Yoga is full of challenges and difficulties to overcome, which is why I consider it a journey. Through gradual changes I have seen my body evolve from being tense and tight to being capable of awesome poses. The best thing is that these changes are noticeable: every practice I experience a deeper stretch and can push myself just a little bit further. This post includes some challenging poses and methods to achieve them from Women’s Health Magazine.
The Pose: King Dancer (Natarajasana)
At any stage of practicing this move you feel a stretch in your shoulders, quads, and hip flexors and you will see improvement in balance. To stay steady, focus on a spot on the ground in front of you (Drishti).
Loop a strap around the top of your left foot and holding the strap in left hand, lift left elbow toward the ceiling. Hold, then release and switch legs.
Start in stage 1, then grab the strap with your right hand as well. Push your left foot into the strap, without leaning forward too much. Hold, then release and switch legs.
From phase 2, move your hands down the strap closer to your foot. Elevate the thigh by pressing into your shin. Keep your chest lifted. Hold, then release and repeat with the other leg.
From phase 3, move your hands down the strap and grab your foot with both hands. Draw your knee toward the center of your body so it’s in line with your butt. Press your foot into your hand until your thigh is parallel to the floor. Keep your chest up, hips square, and upper arms close to your ears. Hold, then release and switch sides.
The Pose: Handstand (Adho-Mukha Vrksasana)
This pose strengthens your shoulders, arms, core, and legs. As you work toward it, keep four things in mind: Move slowly and carefully, rotate your triceps toward your body, keep your neck relaxed, and gaze just slightly past your fingertips.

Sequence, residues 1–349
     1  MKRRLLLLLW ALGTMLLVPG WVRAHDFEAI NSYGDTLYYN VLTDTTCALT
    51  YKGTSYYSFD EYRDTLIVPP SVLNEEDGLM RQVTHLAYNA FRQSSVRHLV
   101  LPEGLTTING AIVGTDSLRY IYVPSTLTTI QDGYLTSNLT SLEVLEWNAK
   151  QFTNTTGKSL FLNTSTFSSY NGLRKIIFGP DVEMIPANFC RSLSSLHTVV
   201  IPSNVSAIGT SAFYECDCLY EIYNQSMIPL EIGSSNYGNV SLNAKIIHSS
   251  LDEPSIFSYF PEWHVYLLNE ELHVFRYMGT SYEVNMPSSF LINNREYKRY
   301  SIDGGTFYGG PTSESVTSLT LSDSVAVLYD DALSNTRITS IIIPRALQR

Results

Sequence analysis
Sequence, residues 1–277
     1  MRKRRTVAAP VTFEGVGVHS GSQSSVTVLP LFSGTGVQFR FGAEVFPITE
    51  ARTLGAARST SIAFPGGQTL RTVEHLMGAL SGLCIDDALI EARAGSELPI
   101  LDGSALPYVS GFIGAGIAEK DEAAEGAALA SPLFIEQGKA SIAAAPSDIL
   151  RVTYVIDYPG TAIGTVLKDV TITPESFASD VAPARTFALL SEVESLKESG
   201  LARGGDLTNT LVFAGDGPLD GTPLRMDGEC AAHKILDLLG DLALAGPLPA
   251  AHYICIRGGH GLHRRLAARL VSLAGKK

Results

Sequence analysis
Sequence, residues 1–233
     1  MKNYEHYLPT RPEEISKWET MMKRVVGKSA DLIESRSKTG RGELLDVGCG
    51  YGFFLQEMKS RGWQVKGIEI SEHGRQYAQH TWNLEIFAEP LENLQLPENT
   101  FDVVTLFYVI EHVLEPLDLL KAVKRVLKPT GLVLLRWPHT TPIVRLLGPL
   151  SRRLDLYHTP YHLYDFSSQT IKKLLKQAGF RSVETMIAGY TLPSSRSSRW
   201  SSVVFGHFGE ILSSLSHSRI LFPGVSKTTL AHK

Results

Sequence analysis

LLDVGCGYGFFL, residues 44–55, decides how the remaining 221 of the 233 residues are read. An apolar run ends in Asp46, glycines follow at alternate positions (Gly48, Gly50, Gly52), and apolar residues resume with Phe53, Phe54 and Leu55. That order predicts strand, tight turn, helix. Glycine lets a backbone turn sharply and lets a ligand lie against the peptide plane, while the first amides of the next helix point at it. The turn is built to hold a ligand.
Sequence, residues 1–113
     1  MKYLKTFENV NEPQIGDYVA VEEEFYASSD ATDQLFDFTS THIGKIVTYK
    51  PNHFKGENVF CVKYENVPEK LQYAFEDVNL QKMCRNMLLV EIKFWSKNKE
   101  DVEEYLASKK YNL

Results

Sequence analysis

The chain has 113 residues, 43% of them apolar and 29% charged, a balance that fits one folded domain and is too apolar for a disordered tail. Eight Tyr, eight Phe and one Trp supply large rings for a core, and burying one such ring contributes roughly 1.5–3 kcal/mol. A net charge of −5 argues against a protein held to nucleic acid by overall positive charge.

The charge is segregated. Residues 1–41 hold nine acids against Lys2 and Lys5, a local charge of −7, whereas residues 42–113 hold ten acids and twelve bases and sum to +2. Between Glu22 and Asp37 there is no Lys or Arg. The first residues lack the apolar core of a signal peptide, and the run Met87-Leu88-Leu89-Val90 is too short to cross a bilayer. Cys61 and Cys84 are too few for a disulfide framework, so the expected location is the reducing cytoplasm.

Start in downward-facing dog (an inverted V) with your heels against a wall. Place your right foot flat on the wall, then place your left foot next to your right. You should be in an upside-down L shape with your wrist directly below your shoulder, your back straight and perpendicular to the floor, and you legs straight and parallel to the floor. Hold, then bend your knees and lower one foot to the floor at a time.
Start in Stage 1, then lift your right leg off the wall, straight up toward the ceiling. Your left leg is still parallel to the floor, with your foot flat on the wall. Hold, keeping your core tight, arms straight, and neck relaxed, then bring your right foot back to the wall and switch legs. To release, bring both feet back to the wall, bend your knees, and lower one foot at a time.
Face the wall and place your hands shoulder-width apart on the floor about 10 inches away from it. Get into downward-facing dog, then walk your feet in a few inches, stacking your shoulders over your wrists. Brace your core and slowly raise your left heel toward the ceiling, leg straight. Keep your hips square, arms straight, and neck relaxed. Hold, gazing toward your fingertips, then lower your leg and switch sides.
Start in downward-facing dog with your hands shoulder-width apart and legs straight. Walk your feet forward, shifting your weight onto your hands and stacking your shoulders over your wrists. With your arms straight and core tight, lift your right leg toward the ceiling, keeping your hips square. Bend your left knee and gently raise your left leg toward the ceiling, bringing your hips over your shoulders. Hold, then slowly come down one leg at a time.
To view Crow (Bakasana) and Side Plank B (Vashistasana B), and a more detailed description of King Dancer (Natarajasana) and Handstand (Adho Mukha Vrksasana), please visit the Women’s Health Website. If you would like a printable pose guide, click here.